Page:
Discover the risks of public WiFi.

Staying Safe While Using Public WiFi

The world is opening back up, and travel is becoming more frequent. This in itself is fantastic. However, it does increase our use of public WiFi. Be it at an airport, restaurant, hotel, or conference room — how can you use public WiFi, without putting your device, and the data on it, at risk?

What is the risk of using public WiFi?

Many individuals are not aware that using public WiFi even puts them at an increased risk for digital threats. To understand the need for change or better WiFi hygiene, you first must understand the danger. While using public WiFi, we are transmitting all of that data over a public network. Meaning, anyone on that same network, could easily intercept that data. How? By simply having the same password.

Now let’s think this through a bit. Say you are traveling for work and realize you forgot to pay your cell phone bill, you may hop online while waiting at the terminal to pay it. If you’re on public WiFi and have no additional layers of security in place, you’re putting your payment information and login credentials at risk.

Now, let’s say you’re at a local café and they have password protected WiFi. You’re safer, right? {Un}Fortunately, that password is placed at every single table. This makes it very easy for you to get on the network, and equally easy for anyone who may want to intercept your credentials and payment information for your cell phone bill.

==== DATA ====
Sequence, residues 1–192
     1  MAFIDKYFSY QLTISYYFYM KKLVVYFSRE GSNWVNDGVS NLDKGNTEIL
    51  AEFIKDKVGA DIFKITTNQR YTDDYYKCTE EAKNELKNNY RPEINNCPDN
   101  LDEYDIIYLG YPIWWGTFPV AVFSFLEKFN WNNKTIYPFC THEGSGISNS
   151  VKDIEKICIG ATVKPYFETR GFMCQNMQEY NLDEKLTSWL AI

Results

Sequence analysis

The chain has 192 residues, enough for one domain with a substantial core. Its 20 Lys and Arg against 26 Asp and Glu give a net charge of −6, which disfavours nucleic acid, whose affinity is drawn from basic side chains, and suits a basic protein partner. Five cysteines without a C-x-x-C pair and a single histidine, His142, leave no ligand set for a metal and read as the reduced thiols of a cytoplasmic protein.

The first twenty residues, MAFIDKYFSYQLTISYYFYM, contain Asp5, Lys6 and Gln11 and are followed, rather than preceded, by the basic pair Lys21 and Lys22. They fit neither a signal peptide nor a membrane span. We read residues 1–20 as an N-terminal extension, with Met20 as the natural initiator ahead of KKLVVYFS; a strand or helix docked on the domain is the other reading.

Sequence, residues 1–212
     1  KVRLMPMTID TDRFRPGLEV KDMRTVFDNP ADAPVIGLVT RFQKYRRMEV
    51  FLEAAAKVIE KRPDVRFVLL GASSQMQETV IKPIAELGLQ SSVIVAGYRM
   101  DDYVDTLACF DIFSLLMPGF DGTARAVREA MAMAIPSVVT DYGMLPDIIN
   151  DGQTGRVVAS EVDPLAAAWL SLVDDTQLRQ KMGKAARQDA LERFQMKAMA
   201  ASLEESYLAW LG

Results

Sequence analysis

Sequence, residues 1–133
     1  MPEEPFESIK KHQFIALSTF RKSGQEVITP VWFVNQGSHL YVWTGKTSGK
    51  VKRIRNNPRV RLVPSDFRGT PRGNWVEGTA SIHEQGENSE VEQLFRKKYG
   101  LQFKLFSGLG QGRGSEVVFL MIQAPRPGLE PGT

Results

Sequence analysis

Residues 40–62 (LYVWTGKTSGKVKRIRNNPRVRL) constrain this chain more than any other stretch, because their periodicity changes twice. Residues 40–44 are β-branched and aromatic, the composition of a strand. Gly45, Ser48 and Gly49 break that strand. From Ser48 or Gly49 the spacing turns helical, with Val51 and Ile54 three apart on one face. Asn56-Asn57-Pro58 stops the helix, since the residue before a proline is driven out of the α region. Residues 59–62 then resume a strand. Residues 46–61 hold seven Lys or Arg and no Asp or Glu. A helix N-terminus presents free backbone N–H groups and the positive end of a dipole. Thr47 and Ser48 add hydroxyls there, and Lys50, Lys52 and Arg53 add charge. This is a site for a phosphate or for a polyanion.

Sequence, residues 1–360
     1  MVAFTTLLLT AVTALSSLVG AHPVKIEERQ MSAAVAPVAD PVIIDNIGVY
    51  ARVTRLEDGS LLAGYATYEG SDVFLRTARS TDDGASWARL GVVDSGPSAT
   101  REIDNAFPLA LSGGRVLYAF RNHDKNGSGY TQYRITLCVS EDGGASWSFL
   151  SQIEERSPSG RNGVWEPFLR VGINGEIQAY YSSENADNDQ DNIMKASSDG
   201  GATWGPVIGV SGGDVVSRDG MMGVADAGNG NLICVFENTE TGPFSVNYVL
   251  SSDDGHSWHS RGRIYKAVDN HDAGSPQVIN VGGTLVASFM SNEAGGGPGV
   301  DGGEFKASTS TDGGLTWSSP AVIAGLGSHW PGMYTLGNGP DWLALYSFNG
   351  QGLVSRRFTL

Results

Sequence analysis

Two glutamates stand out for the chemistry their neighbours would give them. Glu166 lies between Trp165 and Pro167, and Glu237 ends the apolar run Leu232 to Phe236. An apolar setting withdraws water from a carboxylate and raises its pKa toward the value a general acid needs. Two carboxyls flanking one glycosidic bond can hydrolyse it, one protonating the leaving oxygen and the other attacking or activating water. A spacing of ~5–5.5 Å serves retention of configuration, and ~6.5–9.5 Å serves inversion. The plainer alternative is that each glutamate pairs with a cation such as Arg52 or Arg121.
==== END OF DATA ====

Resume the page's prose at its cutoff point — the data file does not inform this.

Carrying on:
The Solution

First, use a VPN. VPN stands for Virtual Private Network. It works by replacing your device’s IP address with one within the VPN service while also encrypting your data. Okay — now in laymen’s terms. It hides your location, so instead of showing your IP address as the café or airport, it may show your device as being located anywhere from Sydney to Orlando. Additionally, your data is encrypted — meaning it’s basically scrambled into an unreadable format while it travels over a public network. So, if someone where to intercept it before it reached its intended recipient, they wouldn’t be able to do anything with it, as it is unreadable. If you don’t already have a VPN, check out our 2021 review of the top five VPNs.

Second, always be cautious about what you’re sharing over a public network. If you are using a VPN and have a security solution installed on the device, you’re risk has been minimized. However, that does not mean you should be spending hours using a public WiFi connection to pay your monthly bills, do a little back-to-school shopping, and balance your checkbook.

Stay safe out there!

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